Why this Blog Exists

To make the case for expanding the Park Slope Historic District

Monday, June 22, 2009

Louis Bonert: Five 8-Family Double Flats in Sterling Place

In 1909 Louis Bonert traded five four story, 8-family "double flat" apartment houses in Sterling Place for a large parcel on the other side of Prospect Park, in a deal recounted in the New York Times:

New York Times, August 4, 1909, p. 10 ("In the Real Estate Field")

164-180 Sterling Place - unprotected

168 Sterling Place - unprotected

The buildings exhibit some of the stylized hoods over the central stairway windows that we have come to associate with Bonert from his apartment houses in 3rd Street and in 6th Avenue:

180 Sterling Place - detail

The doorways are a riot of classical detail. We can make out swags and egg-and-dart molding, but our limited architectural vocabulary cannot begin to describe everything here. What are those pointy things on the upper corners called?:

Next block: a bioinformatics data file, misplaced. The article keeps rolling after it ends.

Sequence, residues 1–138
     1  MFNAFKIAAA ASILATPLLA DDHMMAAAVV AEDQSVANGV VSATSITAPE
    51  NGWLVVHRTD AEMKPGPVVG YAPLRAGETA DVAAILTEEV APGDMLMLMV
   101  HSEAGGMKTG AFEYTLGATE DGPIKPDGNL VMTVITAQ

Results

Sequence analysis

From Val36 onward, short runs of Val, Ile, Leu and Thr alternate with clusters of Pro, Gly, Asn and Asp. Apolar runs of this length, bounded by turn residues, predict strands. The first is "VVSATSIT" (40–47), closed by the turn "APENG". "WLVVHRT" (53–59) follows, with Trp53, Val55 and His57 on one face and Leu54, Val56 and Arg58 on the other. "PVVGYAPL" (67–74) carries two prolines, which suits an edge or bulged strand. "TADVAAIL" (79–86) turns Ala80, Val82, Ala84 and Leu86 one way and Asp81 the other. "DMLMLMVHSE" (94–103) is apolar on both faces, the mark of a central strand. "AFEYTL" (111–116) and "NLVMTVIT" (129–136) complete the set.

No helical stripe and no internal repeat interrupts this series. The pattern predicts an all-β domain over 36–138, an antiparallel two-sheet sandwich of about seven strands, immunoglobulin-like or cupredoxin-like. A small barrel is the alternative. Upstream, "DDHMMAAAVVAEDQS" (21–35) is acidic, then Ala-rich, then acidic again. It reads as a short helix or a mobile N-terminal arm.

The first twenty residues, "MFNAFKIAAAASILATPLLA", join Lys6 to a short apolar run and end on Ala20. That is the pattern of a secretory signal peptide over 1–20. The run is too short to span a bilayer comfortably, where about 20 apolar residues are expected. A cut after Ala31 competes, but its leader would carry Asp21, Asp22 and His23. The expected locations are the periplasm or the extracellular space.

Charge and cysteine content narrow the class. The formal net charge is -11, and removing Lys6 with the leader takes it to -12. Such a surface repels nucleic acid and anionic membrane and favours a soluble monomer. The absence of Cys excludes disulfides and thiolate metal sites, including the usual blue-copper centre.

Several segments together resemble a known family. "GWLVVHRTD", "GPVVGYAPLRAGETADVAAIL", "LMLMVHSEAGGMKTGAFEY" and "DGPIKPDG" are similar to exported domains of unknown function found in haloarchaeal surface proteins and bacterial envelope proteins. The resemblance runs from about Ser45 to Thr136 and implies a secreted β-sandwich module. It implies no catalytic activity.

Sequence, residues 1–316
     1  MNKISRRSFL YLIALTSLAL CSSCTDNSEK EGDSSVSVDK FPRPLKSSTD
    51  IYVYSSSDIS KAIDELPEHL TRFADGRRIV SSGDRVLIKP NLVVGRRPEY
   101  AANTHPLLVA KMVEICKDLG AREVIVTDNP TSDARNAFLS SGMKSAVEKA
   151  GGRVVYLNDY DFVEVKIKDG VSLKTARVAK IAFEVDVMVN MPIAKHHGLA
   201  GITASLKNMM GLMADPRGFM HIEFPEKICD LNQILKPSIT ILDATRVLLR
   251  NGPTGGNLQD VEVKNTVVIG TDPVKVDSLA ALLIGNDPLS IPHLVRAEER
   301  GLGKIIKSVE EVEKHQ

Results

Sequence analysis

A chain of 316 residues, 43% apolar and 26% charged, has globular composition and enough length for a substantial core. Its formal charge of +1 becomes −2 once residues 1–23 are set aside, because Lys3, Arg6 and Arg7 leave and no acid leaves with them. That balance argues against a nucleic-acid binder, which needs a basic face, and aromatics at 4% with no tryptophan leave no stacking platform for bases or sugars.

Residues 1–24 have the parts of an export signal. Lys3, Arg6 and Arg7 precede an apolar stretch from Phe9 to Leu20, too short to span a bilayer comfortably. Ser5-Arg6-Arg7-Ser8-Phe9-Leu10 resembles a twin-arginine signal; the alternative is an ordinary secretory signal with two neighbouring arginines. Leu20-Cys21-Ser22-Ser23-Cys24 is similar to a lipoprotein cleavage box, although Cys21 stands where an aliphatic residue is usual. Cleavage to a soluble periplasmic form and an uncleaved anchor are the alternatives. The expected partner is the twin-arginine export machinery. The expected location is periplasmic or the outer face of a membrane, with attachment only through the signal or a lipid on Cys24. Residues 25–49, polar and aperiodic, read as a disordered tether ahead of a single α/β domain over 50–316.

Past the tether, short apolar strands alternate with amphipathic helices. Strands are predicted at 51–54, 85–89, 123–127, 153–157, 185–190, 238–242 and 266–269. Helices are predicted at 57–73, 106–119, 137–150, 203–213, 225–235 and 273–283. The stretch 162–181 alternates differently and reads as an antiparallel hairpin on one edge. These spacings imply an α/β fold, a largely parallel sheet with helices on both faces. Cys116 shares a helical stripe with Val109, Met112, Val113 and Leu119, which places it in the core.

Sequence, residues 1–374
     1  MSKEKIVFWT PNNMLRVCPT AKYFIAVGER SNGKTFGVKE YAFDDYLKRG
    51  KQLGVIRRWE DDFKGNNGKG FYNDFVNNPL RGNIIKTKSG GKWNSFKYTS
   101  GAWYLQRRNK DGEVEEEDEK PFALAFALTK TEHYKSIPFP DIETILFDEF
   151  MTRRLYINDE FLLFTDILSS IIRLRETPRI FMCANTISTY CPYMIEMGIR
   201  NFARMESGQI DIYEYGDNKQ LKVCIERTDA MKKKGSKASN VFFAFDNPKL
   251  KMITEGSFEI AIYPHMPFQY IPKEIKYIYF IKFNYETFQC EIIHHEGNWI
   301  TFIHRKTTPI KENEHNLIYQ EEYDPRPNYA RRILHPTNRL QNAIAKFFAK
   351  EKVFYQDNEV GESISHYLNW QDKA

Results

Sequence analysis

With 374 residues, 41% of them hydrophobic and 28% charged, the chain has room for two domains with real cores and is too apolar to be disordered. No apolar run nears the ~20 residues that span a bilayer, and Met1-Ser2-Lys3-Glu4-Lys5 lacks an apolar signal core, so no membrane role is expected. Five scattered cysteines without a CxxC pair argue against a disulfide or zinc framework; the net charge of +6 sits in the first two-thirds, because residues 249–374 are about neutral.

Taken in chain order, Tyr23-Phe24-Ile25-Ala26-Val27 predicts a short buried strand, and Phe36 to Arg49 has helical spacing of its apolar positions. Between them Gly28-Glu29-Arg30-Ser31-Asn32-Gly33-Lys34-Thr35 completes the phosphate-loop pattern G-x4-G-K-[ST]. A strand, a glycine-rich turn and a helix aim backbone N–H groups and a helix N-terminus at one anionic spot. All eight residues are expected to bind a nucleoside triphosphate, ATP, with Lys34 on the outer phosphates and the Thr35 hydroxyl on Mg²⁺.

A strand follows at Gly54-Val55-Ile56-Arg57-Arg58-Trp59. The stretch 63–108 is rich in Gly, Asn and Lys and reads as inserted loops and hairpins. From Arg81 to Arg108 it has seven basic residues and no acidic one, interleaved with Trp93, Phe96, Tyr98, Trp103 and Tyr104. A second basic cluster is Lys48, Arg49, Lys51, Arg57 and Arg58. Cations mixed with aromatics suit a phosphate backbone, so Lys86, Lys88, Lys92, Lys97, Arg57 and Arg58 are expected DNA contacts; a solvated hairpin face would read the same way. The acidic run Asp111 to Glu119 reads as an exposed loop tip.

164 Sterling Place - detail

Bader's roadhouse, which occupied a large parcel at the corner of Ocean Parkway and Coney Island Avenue, just outside Prospect Park, was a popular destination for excursions, apparently as much for the outsized personality of its proprietor as for its convenient location and popular prices:

Brooklyn Daily Eagle, July 4, 1897, p. 20 ("Havens for Cyclists")


brikenny said...

The "pointy things" in the corners are anthemions. While the term could be used for any stylized floral form, it is now used almost exclusively for the palmette-form in the inverted shield-shape at the top of a pediment, or the variations used on corners as you pointed out.

HDEC said...

Many thanks for the tip!

Or would that be "anthemia"?

Eric McClure said...

George Bader was way ahead of his time, catering to cyclists and offering ample bike parking. To steal a song title from Tim Roberts's 1992 film "Bob Roberts," perhaps "the times, they are a-changin' back."

Thanks for another fascinating look at our neighborhood's architectural history.